How to Edit for a Friend

By Mark Nichol

Many writers seek assistance from friends or family members for various projects, but this aid must be given and received with care. Here are some tips about asking for informal editing assistance and providing it.

Editing for a friend or a family member is easily assumed to be a simple matter, but it requires clear communication about expectations. Different writing projects require various degrees of intervention, from proofreading to content editing to critiquing. (Many posts on DailyWritingTips.com discuss editing issues; search the site for “editing” to locate them.)

Before asking for someone’s help with your resume, for example, it’s best to research formatting options and commit to your resume’s structure, and then perhaps simply ask for proofreading and/or advice about phrasing. Of course, if someone you know is knowledgeable about resumes, welcome more substantial feedback (though not everyone who evaluates resumes for hiring purposes is necessarily a good judge). Contradictory advice about resumes can be counterproductive, causing your confidence to be shaken.

If you look at a friend or family member’s resume, generally, limit the extent of your response to the parameters of the person’s request, at least as far as marking up the document. However, a diplomatic comment about an excessive or minimal employment history, for example, is acceptable even if you’ve merely been asked to check for spelling and punctuation errors.

College-admission essays are all about the applicant’s voice, not about his or her writing skill. Furthermore, an impeccably written essay might hinder rather than help: If the prospective student’s grades and test scores in English are not consistent with the writing caliber demonstrated in the essay, college admissions staff may see a red flag. If you do seek, or offer, assistance with an admission essay, the role should be that of a writing coach, not a ghostwriter (or even an editor). The idea is to help with the structure and depth of the essay, and to coax more vivid imagery and fresher phrasing, rather than rewrite sentences and replace words.

If the document is a substantial work of nonfiction or fiction, agree on what type of assistance is to be given. “Does it work?” is a very different question than “Can you help me with my writing?” It’s not too much to request that someone read your novel and give you some general suggestions, but if you’re going to ask a friend or family member to spend many hours poring over it, commenting on plot, characterization, tone, structure, and the like (and, oh, yeah, correcting poor grammar and usage), you might as well hire the person rather than expect volunteer assistance. At this point, a professional editor will probably be more useful.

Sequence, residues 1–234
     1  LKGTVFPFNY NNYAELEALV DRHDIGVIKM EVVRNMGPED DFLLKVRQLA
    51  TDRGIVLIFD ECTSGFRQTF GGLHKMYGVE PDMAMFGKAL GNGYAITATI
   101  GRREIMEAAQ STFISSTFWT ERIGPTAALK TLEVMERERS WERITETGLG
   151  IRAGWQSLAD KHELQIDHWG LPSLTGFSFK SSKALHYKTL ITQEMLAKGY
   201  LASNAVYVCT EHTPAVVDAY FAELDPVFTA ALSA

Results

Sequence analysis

Finally, understand that if you ask for editing assistance, expect a thorough housecleaning, not five minutes of dusting and straightening up. Assure your friend or relative that you will accept revisions or critiques with good grace, and honor that commitment.

If you’re helping someone, even if he or she is confident, identify and communicate strengths and be diplomatic about weaknesses. And if the manuscript is substantial, ask for just an excerpt first, rather than the entire work. If the person’s writing skill is poor, it will be easier to simply offer some general comments or to suggest that you don’t feel up to the task. You’re welcome to be frank, of course — at the expense of good relations with your relation.

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3 Responses to “How to Edit for a Friend”

  • Roberta B.

    Touchy subject. Good advice! Over the years, for correspondence involving personal matters (legal, political, job search, family, etc.), my husband and I typically proofread each other’s work. The constant point of debate is the style and proper balance between big picture concepts/defining your point (his perspective) and presentation of the details and facts to support it (my perspective). It’s always a painful, but mostly productive, exercise.

  • Kim Peta

    Great advice! I’m seek advice from my largest critics. If I can please them, or it’s returned without too many red marks, I’m happy. Criticism is essential to great copy.

  • Dale A. Wood

    To Roberta B:

    “My husband and I typically proofread each other’s work.”
    This is wonderful how well you have said that it worked out.

    Back in the mid-1960s, my father was in graduate school for his doctorate in education. My mother was a high school English teacher, and an excellent one, and naturally she edited everything in Dad’s doctoral dissertation. Then, not even the “Hard Nuts” on Dad’s graduate committee could find anything in the writing to complain about. My father’s major professor admired his dissertation and he used it as an example to his future students as to how to do it.

    I learned some from listening to them discuss things. E.g. do not use a hyphen after “non” unless the following word is a proper noun. Examples: nonaligned, nonconformist, nonsense, nonverbal, non-Catholic, non-English, non-Jewish, non-Western.

    There is a rich lode of unnecessary hyphens following these prefixes: {anti, arch, bi, counter, hemi, mega, mini, micro, nano, post, pre, sub, super, ultra}
    Consider that today is Friday the 13th, and Fidel Castro was born on Friday the 13th, and Castro has had his continual worries about counterrevolutionaries in this hemisphere. What will ever become of his archenemies?

    Also, North Americans describe a direction as “counterclockwise”, but in the British Isles they insist on “anticlockwise”.

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